In the recent case of McCreery, a 61 year old claimant was knocked down by a lorry after getting off a bus and trying to cross a road with a 60mph speed limit. The HGV's speed was around 40mph, which was well within the speed limit. There was a sign about 500m away warning of disabled people crossing the road.
The approaching driver had seen the warning sign and the bus and only braked after he saw the claimant, which was too late. He should have appreciated the risk of someone walking out from behind the bus and should have reduced his speed further to between 20 and 29 mph despite the speed limit of 60 mph. The driver was found at fault. Was the pedestrian at fault however?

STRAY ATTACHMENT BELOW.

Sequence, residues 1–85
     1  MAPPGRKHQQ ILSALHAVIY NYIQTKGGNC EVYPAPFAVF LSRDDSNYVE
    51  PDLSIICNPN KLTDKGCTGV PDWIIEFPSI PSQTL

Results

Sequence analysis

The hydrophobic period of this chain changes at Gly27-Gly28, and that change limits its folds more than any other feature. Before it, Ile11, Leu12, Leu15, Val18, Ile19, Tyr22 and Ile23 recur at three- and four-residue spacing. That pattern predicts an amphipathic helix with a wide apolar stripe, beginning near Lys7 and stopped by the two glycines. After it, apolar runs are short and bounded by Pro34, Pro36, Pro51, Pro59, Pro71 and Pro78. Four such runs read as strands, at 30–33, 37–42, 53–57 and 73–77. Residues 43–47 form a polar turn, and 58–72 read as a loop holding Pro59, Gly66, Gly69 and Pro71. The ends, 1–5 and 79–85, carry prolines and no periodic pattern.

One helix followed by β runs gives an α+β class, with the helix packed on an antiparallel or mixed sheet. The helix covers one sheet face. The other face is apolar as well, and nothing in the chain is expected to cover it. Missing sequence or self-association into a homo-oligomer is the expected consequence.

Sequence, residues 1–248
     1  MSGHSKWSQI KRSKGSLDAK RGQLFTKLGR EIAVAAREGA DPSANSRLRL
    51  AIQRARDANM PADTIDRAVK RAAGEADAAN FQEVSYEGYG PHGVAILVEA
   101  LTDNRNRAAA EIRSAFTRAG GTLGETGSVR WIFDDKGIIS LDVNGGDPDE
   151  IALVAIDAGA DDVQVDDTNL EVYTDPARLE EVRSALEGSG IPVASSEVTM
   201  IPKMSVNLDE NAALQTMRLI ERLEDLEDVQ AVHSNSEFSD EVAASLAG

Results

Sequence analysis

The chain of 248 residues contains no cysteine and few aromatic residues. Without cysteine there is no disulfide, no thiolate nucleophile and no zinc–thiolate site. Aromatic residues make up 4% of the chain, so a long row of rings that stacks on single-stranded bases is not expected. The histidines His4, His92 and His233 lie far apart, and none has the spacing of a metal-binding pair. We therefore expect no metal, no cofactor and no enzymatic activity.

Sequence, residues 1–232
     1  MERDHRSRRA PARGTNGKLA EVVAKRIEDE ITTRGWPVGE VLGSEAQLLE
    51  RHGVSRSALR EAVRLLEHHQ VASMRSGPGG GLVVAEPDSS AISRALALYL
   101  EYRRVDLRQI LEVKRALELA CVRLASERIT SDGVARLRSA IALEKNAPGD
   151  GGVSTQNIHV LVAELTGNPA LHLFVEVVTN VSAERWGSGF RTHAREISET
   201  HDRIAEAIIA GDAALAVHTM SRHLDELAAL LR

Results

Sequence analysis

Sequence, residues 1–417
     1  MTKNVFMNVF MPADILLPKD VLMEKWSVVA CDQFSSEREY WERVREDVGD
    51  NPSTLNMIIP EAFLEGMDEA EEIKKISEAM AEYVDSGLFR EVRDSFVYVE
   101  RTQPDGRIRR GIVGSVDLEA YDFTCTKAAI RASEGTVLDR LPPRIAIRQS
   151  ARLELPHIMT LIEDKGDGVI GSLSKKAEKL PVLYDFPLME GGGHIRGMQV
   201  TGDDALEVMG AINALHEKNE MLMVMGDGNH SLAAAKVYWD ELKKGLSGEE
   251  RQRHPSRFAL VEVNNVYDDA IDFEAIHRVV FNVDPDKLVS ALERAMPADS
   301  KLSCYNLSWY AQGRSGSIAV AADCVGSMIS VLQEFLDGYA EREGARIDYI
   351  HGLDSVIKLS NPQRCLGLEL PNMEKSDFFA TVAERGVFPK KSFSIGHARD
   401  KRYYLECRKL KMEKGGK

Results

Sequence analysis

The court decided that both the claimant and the driver were equally to blame and the compensation due to the claimant should be reduced by 50% for crossing into the path of the vehicle
McCreery applies the rationale in Jackson that because a careless car driver poses a considerable risk of serious injury to pedestrians he has a far greater responsibility to take care than a careless pedestrian.
The Court found that too many drivers ignore developing hazards, thinking that as long as they are driving at less than the speed limit then they are taking sufficient care. These cases show that drivers require to do more than passively ignore situations which may develop, even where they involve a clear lack of care by pedestrians.